They’re typing on their iPads, they’re tapping out text messages on their phones, they’re reading the clear type on this site and others. Not only is technology ubiquitous, but it’s bulldozing handwriting as a form of communication.
It’s appalling that one in three respondents to a survey commissioned by Docmail had not penned anything within the past six months. On average, they had not touched a pen and paper for nearly a month and a half. Pens are starting to disappear except when a signature is needed.
The Managing Director for Docmail, Dave Broadway, said “It’s a shame handwriting is in general decline, but that’s come about from the need for convenience and communication that is clear and quick. People by habit will always look for shortcuts or to make their life easier, and that’s the reason technology is so prominent in our everyday lives. What will always be of importance is the quality of what we’re communicating and how we convey ourselves.”
Four in ten respondents from the same study said that they are regularly using texting or ‘text talk’ to speak. We can only assume that the percentage has gone up in the four years since the study. “Technology puts everyone on a level playing field when it comes to the ability to communicate clearly.”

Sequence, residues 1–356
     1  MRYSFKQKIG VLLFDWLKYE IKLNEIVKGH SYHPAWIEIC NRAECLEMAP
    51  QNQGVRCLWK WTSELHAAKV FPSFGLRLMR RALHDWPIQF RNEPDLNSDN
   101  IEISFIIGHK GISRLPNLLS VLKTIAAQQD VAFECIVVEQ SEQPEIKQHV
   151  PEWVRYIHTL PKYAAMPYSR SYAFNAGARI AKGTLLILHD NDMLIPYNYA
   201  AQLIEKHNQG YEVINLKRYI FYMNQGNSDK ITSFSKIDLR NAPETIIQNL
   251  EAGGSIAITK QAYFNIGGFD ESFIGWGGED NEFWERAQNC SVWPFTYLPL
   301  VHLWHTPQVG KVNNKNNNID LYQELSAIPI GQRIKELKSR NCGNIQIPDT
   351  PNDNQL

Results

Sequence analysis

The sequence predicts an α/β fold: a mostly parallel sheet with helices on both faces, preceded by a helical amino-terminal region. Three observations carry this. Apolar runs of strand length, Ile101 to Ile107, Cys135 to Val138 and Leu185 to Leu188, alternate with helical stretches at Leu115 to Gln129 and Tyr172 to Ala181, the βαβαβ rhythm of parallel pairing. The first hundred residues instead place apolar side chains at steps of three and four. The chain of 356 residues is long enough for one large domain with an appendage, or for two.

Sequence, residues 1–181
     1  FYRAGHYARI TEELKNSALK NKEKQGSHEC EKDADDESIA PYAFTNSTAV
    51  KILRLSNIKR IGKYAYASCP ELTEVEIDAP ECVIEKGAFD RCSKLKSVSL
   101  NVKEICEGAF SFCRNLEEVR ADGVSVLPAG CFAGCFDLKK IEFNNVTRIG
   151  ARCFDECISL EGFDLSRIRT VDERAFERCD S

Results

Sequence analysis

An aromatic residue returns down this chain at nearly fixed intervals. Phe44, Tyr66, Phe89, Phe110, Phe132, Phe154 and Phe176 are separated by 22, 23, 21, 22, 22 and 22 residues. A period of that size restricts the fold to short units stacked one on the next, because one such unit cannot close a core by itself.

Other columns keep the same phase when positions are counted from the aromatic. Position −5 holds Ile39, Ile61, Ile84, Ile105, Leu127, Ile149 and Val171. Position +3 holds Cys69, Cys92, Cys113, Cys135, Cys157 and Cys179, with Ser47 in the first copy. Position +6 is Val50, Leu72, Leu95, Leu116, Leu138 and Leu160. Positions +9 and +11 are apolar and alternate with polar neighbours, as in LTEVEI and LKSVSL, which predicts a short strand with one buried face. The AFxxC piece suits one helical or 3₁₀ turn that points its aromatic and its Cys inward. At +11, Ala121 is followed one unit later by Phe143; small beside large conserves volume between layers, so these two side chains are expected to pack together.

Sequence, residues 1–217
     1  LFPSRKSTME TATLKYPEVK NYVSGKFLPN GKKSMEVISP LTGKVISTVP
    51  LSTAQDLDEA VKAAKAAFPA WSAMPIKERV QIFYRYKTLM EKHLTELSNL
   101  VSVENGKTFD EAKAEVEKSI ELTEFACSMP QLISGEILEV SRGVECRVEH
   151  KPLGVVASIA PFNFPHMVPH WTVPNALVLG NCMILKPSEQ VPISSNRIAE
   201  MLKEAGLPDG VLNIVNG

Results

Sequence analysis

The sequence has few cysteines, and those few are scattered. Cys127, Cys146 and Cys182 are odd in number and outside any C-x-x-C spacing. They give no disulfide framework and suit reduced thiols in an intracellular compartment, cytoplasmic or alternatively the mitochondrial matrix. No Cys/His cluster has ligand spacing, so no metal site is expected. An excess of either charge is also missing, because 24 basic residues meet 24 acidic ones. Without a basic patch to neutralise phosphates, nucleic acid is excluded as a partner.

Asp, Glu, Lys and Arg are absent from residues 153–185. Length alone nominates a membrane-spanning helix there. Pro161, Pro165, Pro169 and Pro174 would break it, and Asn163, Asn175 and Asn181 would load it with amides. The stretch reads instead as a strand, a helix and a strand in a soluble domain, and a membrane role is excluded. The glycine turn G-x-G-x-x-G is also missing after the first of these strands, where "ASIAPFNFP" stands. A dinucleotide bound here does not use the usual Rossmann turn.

While technology is competing with handwriting for supremacy, handwriting has many benefits.
- When Mother Nature strikes and there’s no electricity, you can still put pen to paper and talk about your innermost thoughts.
- There are cognitive benefits to actively shaping the letters rather than simply typing them. Young students learn communication skills more effectively.
- Handwriting, especially in cursive, is elegant and beautiful. It is more individual and more flexible than using technology to write, despite what your emoji skills might make you think.
- And, even though there is a propensity toward technology because it is easier to use, the technology route robs people of cognitive abilities.
“Compared with those who type their notes, people who write them out in longhand appear to learn better, retain information longer, and more readily grasp new ideas, according to experiments by other researchers who also compared note-taking techniques.” These are researchers at Princeton University and the University of California at Los Angeles.
The war between technology and older ways started because technology provides the end result faster, but you have to ask yourself what cost there is behind switching over to the phones, laptops, and other electronic equipment to take notes.
Are the kids losing their way because they aren’t being taught how to appropriately use a leather journal and write? Is the writing that they do even legible? Is the art of putting pen to paper truly becoming lost, or is it, like other technologies, simply evolving?
To fight against the takeover of technology, all you have to do is start writing. Hand write a little bit each day to demonstrate that you’re interested in ‘keeping the code’ of handwriting. Write in those leather journals, write out your thoughts in your notebooks, and let your hands ache… because you’re winning the war.